Mandy said...

This is really interesting! Once I have the story idea (basically my female and male, the setting and the first obstacle in their way) I HAVE to have a title or I can't focus on the writing bit! I think it helps to remind you about the theme of the book. Excess All Areas (Freya is a size 20 and both she and Nicholas have too much going on in all areas of their lives), Breaking the Ice (virginal box office assistant meets pro skater), Knowing Me Knowing You (relationships gameshow of the same name) and Strings Attached (lots of complications and Quinn's a guitarist) SIMPLES! I LOVE deciding on the title!!

Chris Longmuir said...

I read something somewhere quite a while ago (story of my life!), wish I could remember where, about the importance of specific words in titles. It gave a list of words that ensured your title would be noticed, bought etc, if you included them. Funnily enough, out of that list the only word I can remember is 'death'. I wonder what that says about me?

Sue Fortin said...

I love the title for my WIP and most people like it too, trouble is now I've rewritten quite a bit, the title is redundant. I'll have to come up with a new one and save my current one for a later date.

I just usually list all the words and phrases that are associated with the characters, setting and theme and then play around with them until something clicks.

Janice said...

Hi Old Kitty! yes, I find the reverse dictionary to be an interesting concept too - and one to try.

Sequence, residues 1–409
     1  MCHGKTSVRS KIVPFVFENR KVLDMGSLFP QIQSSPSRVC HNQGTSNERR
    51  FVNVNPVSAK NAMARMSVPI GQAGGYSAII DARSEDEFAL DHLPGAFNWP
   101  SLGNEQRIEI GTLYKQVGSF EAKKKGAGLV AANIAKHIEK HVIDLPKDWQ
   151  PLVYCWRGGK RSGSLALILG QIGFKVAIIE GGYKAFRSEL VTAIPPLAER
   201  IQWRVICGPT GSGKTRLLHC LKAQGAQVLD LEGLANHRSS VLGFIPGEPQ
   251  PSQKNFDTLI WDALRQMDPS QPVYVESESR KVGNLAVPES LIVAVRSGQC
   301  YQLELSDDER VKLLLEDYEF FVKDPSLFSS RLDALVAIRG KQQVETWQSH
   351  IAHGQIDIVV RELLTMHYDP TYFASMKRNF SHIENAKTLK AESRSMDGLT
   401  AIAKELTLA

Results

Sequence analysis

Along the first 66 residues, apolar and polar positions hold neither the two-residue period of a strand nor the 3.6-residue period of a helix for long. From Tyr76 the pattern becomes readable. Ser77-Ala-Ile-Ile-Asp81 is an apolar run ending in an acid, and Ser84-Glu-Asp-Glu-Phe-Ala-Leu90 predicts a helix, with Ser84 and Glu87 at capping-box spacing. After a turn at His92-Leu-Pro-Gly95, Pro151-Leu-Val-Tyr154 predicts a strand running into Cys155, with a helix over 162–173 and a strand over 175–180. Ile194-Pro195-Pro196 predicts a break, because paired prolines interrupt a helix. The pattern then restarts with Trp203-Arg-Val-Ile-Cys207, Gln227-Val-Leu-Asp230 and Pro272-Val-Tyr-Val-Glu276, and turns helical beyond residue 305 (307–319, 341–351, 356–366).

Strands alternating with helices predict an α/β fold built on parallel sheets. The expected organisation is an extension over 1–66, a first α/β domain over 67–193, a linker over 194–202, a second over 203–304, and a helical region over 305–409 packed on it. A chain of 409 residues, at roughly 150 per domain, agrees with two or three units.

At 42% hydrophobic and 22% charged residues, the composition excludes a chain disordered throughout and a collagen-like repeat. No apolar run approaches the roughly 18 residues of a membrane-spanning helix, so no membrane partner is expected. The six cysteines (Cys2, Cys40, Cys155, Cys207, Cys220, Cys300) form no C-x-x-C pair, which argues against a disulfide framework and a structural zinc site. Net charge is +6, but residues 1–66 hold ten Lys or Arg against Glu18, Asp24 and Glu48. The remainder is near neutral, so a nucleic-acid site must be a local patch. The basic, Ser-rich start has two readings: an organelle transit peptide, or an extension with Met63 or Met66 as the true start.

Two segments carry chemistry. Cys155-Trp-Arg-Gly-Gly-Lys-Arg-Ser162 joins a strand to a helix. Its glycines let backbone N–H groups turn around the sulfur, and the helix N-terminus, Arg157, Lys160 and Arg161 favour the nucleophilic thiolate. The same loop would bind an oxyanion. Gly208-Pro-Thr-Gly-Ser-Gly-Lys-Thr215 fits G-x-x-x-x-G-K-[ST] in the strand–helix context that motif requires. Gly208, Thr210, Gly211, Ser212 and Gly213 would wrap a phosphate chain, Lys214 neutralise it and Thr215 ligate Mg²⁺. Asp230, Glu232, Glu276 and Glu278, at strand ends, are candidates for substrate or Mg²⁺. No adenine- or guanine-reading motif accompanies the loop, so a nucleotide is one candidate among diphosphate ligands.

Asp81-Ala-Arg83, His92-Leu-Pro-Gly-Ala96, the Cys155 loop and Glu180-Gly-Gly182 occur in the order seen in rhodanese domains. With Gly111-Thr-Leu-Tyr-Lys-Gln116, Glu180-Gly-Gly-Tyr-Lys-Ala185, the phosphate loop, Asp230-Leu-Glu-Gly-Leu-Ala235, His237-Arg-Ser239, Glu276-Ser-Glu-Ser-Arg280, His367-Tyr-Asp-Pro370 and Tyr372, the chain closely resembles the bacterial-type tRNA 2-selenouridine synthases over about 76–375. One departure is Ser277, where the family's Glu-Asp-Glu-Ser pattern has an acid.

Sheryl - thanks for your comment and congrats on your own recent bestseller!

Nicky - I get your dilemma and my personal opinion is that your three titles should be linked somehow so there is no doubt the books are linked too. I'll be very interested to know what you come up with!

Miriam - thanks for your comment and I will check out your post. Thanks for sharing.

Kit - I'm rather taken with Greek Geek' actually - but agree you should stick with what you think is the perfect title.

Hi Mandy! I'm exactly like you in that all I start off with is two people, a setting, and an obstacle in their way. Now I just need a perfect title!

Chris - if you ever find that list - will you please please let us have a peek at it..? Lol!

Sue - I feel for you - killing your darlings (in the literary sense) is one thing but deleting a title is quite another!

Love, Janice xx

Janice said...

Harriet Grace just contacted me via my Facebook page - having had troubles with Blogger - and who hasn't!? This is what she had to say - with her kind permission of course:

Hi Janice, I've tried twice to comment on your blog on book titles, and the second time it tried to make me sign up as a blogger and then then said I already had an account and then wouldn't accept what I thought was my password....aaaaarhhh!!